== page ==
Located at the south end of the Puget Sound, those moving to Olympia will discover elegant government buildings and gardens. Home to a flourishing population of around 43,000, this modest city has a setting and culture aimed at a balanced political sector and engaging attractions, such as festivals and waterparks. Conveniently located 60 miles south of Seattle and 110 miles north of Portland, Olympia moves into the new decade as an attractive place to live, grow and thrive.
In 1853, Washington Territory became separate from Oregon Territory, and Olympia was named its capital. Blessed with abundant natural resources, Olympia remained small but prospered. By 1872 Olympia seemed on its way to becoming Washington's great city; that year, however, a severe earthquake shook Olympia. The decade of the 1890s was marked by progress and disappointments. Telephone lines and electric light poles were erected, a street railway system was built and the Olympia Hotel was completed; however, an economic depression left citizens complaining, and the city's population fell to less than 4,000 residents by 1900. Olympia suffered a severe earthquake in 1949. By then Olympia ranked twelfth among Washington's cities in population. In the 1960s and 1970s, Olympia lost many of its downtown retail businesses to shopping malls in the rural towns of Lacey and Tumwater. Efforts to preserve the downtown emphasized people-friendly projects while discouraging skyscrapers. Olympia served as a West Coast port of entry and exit from which agricultural products and oysters were shipped. However, government had become the leading source of local employment and has a strong influence on most aspects of life in the city. The turn of the century brought several challenges to Olympia. Some, like a national recession and the terrorist attacks of 2001, affected the entire U.S. and beyond. A gradual yet significant loss of manufacturing jobs spurred the goal of diversification, particularly into technology.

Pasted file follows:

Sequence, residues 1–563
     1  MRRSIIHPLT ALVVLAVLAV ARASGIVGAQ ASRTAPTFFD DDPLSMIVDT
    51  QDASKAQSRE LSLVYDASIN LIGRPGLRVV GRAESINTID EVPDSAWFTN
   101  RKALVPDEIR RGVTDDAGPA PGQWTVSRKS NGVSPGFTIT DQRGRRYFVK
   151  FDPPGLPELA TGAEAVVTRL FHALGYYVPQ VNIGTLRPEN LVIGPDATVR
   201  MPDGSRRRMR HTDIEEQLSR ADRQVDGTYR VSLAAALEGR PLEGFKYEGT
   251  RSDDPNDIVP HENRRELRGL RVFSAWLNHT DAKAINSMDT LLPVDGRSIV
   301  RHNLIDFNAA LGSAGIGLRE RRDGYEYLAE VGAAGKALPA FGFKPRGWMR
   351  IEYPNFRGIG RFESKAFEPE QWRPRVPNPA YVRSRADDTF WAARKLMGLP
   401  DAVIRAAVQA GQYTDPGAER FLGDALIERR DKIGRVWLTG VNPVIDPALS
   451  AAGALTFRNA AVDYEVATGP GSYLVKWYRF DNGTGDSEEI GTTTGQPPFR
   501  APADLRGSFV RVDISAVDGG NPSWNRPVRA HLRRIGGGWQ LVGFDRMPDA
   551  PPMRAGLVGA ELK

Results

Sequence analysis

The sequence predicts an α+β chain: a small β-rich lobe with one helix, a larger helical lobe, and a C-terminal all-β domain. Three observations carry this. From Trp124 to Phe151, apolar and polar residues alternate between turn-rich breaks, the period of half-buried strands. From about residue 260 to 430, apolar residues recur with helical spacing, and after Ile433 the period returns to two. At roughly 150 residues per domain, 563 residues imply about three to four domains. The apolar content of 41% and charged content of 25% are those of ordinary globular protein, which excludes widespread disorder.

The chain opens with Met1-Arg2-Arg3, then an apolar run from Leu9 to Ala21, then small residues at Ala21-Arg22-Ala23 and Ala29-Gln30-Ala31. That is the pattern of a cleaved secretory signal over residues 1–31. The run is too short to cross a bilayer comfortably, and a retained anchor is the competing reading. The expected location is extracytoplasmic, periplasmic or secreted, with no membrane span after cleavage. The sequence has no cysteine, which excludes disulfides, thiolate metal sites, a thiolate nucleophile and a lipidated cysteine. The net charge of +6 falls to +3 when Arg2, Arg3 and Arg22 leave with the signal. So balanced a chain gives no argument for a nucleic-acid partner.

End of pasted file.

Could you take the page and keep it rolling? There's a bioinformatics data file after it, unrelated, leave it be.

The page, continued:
The Olympia area's economic base ranges from forestry to healthcare. Federal, state and local government continues to play a vital role in the Region's economy. Healthcare is another leading industry in Olympia—four of the area's top employers are healthcare-related. As the capital of the state of Washington, Olympia relies on the state government to be a stabilizing factor for the local economy. In addition to the jobs it supports directly, state government also supports the economy by attracting tourists, as does the region's gambling industry. The annual sessions of the state legislature in the winter and spring mark the first tourist season of the year, with summertime recreation and attractions, including tours of state buildings, following. Compared to other regions in the state, Olympia and Thurston County are home to a relatively small number of technology companies. To attract such companies, economic development officials promote the area's telecommunication infrastructure, low property price and educated workforce.
Head over to the Olympic Flight Museum. This flight museum is a non-profit organization dedicated to the preservation and flying of vintage aircraft. Next, the Hand's On Children's Museum is the ideal place to bring the family for fun and learning. And it's not just a clever name, the "hands-on" museum offers interactive exhibits designed to teach children through exhibits and activities. If you're feeling lucky, the Red Wind Casino is home to all of your favorites casino games, including slots and a variety of table games such as blackjack, roulette, Pai Gow Poker, Let It Ride and Keno. If you want to get outside, the Nisqually National Wildlife Refuge is located on the Nisqually River Delta in Southern Puget Sound. This refuge consists of 3,000 acres of salt and freshwater marshes, grasslands and mixed forest habitats that provide a resting and nesting area for a wide variety of migratory birds. Or, head over to Priest Point Park. This 314-acre park offers hiking and wildlife viewing opportunities.